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design thinking

The term “wicked problems,” coined by Horst Rittel, a Design Theorist, refers to complex and multi-dimensional problems. Wicked problems became the heart and soul of design thinking development. The current framework for problem-solving was just not enough.

Introducing design thinking: a methodology for solving the most complicated and stifling problems your business encounters.

Design thinking is a creative problem-solving tool that can be applied in a variety of different situations. It is a non-linear pathway that pushes you to get to the root of an issue and come up with creative solutions.

Design thinking has five stages: EmpathizeDefineIdeatePrototype, and Test.

These stages can happen at the same time, out of order, or iterated in any combination.


The empathize stage is all about getting to know the users and their needs. This is the stage that makes design thinking human-centric. It involves observing, asking, and learning from your user. You must observe and engage to gain clarity of ill-defined problems.


Define is where you must define the problem. Take all the information you gathered about the user from the previous stage and make an actionable problem statement. This stage makes you narrowly define the problem to generate a high quantity of quality solutions. Think of this as the “sensemaking” stage.


Ideate is the stage where you and your team come up with as many ideas as possible. This is a generation stage, not evaluation. To come up with quality ideas, you must allow your creativity to run free – free of judgement.


In prototyping, you just pick up materials and start designing. The prototypes should be simple and cheap – fail fast, discover quicker.


Testing involves giving your user multiple prototypes and listen to feedback. This also allows for another empathy opportunity. Watching how the user interacts with the prototype can reveal more about their needs. Test stage could show you that the problem statement is wrong and bring you back to the define stage to better meet your user’s needs.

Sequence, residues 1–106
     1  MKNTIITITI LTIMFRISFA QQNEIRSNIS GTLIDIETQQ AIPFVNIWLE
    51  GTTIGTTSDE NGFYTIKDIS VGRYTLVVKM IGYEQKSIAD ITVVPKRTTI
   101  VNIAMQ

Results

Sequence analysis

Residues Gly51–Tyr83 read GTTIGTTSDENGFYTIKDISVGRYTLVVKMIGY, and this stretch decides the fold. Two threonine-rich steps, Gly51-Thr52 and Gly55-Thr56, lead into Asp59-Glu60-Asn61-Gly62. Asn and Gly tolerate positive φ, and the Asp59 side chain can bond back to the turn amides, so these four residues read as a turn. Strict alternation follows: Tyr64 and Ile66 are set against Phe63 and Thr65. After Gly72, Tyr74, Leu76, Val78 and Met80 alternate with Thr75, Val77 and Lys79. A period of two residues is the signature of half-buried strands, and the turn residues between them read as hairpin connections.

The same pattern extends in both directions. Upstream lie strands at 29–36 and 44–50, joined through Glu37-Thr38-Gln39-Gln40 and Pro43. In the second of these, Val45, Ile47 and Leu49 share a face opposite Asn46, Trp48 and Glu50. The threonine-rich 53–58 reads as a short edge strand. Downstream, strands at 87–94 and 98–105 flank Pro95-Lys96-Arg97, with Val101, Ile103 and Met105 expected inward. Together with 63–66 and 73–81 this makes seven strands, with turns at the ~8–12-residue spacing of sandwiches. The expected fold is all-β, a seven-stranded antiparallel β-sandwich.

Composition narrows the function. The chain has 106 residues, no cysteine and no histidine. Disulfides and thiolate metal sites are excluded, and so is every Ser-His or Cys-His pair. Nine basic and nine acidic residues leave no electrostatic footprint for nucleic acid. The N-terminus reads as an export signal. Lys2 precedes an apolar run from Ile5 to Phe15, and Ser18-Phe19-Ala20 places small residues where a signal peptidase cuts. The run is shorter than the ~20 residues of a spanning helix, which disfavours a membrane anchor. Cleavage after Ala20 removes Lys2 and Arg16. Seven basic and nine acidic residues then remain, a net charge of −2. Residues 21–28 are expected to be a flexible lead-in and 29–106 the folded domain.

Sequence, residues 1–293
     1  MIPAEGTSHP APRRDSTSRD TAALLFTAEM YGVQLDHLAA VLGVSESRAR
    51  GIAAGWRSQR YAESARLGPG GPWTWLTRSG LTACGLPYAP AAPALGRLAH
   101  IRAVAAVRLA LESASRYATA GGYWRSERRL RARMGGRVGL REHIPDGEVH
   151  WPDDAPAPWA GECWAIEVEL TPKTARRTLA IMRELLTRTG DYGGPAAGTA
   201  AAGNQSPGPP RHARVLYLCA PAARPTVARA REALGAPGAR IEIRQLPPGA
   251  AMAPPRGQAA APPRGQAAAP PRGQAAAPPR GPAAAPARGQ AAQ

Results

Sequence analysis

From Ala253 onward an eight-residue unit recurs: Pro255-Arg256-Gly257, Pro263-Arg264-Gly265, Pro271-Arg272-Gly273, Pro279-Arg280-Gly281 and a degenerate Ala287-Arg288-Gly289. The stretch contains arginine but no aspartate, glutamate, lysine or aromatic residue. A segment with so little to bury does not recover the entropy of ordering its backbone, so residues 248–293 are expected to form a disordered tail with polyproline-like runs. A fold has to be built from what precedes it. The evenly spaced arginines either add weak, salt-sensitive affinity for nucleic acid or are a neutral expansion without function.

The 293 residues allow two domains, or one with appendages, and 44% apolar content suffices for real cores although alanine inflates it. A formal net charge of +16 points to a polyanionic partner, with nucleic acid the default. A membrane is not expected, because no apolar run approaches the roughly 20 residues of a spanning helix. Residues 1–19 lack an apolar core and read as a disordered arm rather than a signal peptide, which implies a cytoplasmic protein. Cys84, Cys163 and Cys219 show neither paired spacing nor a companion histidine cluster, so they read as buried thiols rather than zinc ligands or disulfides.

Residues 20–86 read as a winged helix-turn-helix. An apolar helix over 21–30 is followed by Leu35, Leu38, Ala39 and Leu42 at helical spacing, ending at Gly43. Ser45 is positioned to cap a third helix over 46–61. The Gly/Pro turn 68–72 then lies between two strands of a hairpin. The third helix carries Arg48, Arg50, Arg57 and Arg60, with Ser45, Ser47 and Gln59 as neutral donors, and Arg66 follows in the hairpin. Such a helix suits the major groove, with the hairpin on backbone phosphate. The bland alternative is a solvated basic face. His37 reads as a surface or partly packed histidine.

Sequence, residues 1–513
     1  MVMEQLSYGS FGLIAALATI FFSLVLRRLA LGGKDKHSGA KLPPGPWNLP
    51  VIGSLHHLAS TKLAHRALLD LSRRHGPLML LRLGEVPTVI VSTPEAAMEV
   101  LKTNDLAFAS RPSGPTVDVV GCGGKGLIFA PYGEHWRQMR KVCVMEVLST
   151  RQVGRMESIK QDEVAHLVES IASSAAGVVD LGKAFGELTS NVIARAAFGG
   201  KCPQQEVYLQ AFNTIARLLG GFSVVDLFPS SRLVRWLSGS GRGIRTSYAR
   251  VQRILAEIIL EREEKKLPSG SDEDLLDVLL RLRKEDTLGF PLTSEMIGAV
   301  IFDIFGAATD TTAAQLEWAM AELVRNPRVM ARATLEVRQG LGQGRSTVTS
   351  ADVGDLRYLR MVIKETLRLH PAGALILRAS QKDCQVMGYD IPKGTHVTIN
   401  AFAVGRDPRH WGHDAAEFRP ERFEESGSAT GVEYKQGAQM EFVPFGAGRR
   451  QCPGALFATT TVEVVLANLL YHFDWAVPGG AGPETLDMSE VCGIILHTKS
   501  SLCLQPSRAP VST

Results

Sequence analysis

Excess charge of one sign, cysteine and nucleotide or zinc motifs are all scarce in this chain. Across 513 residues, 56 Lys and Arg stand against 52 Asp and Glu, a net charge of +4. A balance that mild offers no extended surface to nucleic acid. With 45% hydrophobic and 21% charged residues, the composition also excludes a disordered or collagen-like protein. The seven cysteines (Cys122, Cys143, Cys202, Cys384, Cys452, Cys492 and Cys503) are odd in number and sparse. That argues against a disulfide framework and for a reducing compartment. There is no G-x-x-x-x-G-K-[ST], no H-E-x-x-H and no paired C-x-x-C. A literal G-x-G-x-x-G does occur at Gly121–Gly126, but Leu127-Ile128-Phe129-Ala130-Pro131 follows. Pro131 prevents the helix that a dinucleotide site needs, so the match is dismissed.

Design thinking arms you with a method to solving so called wicked problems. These ill-defined, debilitating problems can have detrimental effects on your business. Large companies like IBM, MassMutual, Infosys, Fidelity, and Intuit recognize and utilize design thinking. They see design thinking as a needed jolt to generate innovative ideas. So much so that each company has invested either in-house innovation labs or worked with firms to help them implement design thinking processes.

Design thinking can be utilized in a variety of businesses:

  • Apple – In a Big Think interview, Dave Evans discusses how he used design thinking when designing the computer mouse.
  • Tesla – Tesla participated in a design thinking innovation project. Elon Musk and his team wanted to make their electric car more suitable for daily life, so they engineered an electric car that would have a more realistic range of 220-310 miles and offered a charging adapter to fit common household outlet.
  • Airbnb – Airbnb used design thinking to turn around their failing startup.


The essence behind design thinking is the human-centric method. It combines creativity and user needs to come up with the solution to a problem that was not well defined to begin with.

For example, your company is having a hard time with internal career advancement. There are opportunities for employee development and promotion, but employees are leaving instead of advancing within the company. You assemble a team to investigate (empathize). You observe employees trying to navigate the employee portal and notice it’s not quite as intuitive as your design team had thought. You ask the employees what they’re thinking. They tell you they cannot find any kind of development opportunities or available promotions, so they believe they don’t exist.

You realize the problem to solve is a failing employee portal (define). The investigating team starts brainstorming solutions (ideate). They’ve come up with many ideas, some good, some bad. Then, you recruit the design team and start prototyping. The team members pick up a pen and paper and start designing a user-friendly home screen. After a while, there’s a rudimentary website (prototype). The prototypes are rolled out to the employees (test). Testing reveals that the search function is the most important aspect of the website (empathize and define).

You take this information and completely redesign the employee portal to make it more user-friendly with a superior search function. Employees are then better able to look up job-related training opportunities and there’s a better job board search function. You immediately notice higher retention rates.

You can apply design thinking to all types of problems that arise in the workplace. It is the perfect way to get to the bottom of a problem and come up with ideas that you may not have thought of. This is the power of design thinking. You can unlock your creative problem-solving potential to meet wicked problems with wicked solutions.